Monday 23 October 2017

Ireland on the itinerary for huge US jackpot winners

Cindy Hill with, from left, son Jason, daughter Jaiden and husband Mark
Cindy Hill with, from left, son Jason, daughter Jaiden and husband Mark


A Missouri mechanic and his wife who this weekend claimed their share of the record $588m (€452m) Powerball lottery jackpot said they hoped to stay true to their roots and keep living simply.

Their six-year-old daughter was at least hoping for a pony. The family is also, according to, hoping to visit Ireland.

Cindy and Mark Hill were introduced as last week's lottery winners at the high school where they became sweethearts in the Seventies.

"We will still be going down to the corner cafe for breakfast or fish day. I can guarantee you," Mrs Hill said. "You know it's just us. We're just normal human beings. We're as common as anybody. We just have a little bit more money."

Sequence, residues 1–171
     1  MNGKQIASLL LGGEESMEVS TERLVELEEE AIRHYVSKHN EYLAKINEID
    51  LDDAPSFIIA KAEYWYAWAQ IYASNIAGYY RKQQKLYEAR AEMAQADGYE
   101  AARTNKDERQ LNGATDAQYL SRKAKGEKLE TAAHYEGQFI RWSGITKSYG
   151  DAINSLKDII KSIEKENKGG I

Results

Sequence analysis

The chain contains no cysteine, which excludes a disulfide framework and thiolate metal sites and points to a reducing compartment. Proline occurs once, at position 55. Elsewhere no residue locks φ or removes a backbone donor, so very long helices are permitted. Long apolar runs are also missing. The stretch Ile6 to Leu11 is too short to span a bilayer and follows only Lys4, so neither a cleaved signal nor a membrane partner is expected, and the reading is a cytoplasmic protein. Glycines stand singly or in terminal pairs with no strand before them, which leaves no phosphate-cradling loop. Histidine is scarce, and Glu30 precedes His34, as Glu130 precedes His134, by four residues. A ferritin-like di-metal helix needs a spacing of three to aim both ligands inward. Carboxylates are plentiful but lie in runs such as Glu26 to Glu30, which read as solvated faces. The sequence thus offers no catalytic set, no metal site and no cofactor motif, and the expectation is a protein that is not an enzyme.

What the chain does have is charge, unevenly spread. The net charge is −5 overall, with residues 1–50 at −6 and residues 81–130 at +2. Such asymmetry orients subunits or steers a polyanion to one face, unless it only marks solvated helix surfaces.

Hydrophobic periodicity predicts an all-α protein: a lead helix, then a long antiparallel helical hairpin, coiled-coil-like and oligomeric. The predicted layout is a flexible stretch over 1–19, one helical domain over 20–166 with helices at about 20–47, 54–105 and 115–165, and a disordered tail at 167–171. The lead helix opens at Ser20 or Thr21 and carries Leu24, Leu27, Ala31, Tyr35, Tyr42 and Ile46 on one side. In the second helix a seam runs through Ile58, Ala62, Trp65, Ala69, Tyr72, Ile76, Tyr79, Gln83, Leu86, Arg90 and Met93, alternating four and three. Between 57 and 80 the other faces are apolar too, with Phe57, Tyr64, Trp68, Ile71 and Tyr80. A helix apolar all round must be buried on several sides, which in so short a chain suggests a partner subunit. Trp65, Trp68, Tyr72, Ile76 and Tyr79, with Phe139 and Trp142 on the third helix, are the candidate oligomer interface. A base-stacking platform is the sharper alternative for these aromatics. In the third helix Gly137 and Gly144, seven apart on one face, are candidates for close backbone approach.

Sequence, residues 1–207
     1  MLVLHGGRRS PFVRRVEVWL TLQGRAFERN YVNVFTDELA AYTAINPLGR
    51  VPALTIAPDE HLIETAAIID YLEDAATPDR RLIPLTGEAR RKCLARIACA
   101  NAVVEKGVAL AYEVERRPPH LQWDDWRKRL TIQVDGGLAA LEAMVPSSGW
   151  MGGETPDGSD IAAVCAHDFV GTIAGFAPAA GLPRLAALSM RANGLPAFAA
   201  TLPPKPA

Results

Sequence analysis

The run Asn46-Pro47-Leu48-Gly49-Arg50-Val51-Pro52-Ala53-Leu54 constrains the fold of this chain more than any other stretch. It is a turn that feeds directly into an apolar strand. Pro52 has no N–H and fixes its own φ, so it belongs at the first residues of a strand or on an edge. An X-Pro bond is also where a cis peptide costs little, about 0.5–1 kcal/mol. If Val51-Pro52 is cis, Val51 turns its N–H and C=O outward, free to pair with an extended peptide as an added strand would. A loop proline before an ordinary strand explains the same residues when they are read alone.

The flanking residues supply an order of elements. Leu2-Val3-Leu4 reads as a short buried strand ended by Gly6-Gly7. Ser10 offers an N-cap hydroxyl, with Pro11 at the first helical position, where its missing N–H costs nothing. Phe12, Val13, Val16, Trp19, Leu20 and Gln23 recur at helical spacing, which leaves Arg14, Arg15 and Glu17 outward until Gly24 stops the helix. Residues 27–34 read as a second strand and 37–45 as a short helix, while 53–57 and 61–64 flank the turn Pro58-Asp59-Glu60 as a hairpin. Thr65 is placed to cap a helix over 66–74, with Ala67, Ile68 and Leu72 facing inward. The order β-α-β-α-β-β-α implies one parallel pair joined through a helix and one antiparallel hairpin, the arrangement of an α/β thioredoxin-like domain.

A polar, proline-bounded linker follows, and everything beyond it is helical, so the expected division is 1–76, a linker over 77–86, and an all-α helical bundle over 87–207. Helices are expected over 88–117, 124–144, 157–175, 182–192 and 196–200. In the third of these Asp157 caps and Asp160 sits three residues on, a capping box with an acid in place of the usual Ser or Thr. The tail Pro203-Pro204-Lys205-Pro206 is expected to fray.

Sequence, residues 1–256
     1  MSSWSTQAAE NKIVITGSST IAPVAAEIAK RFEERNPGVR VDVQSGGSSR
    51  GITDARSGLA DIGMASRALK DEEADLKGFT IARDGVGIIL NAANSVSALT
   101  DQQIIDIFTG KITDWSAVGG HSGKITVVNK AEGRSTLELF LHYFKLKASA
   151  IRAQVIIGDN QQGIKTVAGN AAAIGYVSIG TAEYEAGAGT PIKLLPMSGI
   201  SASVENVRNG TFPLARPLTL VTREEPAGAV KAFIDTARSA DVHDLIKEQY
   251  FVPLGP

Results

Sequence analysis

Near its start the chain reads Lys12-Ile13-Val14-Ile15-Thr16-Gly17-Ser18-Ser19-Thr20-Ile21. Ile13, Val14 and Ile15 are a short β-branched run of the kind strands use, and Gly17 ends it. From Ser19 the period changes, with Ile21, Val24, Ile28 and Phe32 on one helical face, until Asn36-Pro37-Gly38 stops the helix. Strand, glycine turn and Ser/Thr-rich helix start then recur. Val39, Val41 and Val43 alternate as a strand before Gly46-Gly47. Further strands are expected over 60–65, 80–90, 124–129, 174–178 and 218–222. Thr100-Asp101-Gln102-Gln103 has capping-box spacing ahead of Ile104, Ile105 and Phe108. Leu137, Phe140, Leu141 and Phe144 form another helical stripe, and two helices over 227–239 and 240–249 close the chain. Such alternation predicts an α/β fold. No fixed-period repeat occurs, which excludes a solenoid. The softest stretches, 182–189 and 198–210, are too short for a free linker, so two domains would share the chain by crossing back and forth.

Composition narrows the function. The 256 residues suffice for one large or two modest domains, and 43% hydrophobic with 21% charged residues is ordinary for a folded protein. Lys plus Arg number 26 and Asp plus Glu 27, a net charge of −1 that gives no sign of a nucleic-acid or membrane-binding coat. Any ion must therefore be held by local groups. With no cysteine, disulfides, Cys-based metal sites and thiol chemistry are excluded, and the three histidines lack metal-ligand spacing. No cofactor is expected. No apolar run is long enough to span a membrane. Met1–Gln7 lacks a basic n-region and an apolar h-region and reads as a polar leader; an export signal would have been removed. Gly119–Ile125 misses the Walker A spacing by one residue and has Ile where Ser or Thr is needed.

The Hills will split the $588m prize with the holder a winning ticket sold in Phoenix.

The couple, who also have three grown sons, said they don't play the lottery regularly. They spent $10 (€8) on five tickets with random numbers. The result: after taxes, they will take home a lump sum of $136.5m (€105m).

"We're still stunned by what's happened," said Mrs Hill, a former office manager who was laid off in 2010.

Joining the Hills at the news conference were their children, with the youngest, Jaiden, clutching a black stuffed horse. She was adopted from China five years ago.

When asked what she wanted for Christmas, the little girl said simply: "Pony."

Mrs Hill said they have no immediate plans to move out of their single-story house. But they will have more free time. Mr Hill quit his job as a mechanic, and his wife has no plans to keep looking for work.

Some of the money will be spent on travelling. Asked where they'd like to go Cindy, according to, responded: "Ireland of course – we're Irish, and wherever the wind takes us." Another possible destination is back to China for another adoption. They will also help relatives, including establishing college funds for their grandchildren and nieces and nephews.

Sunday Independent

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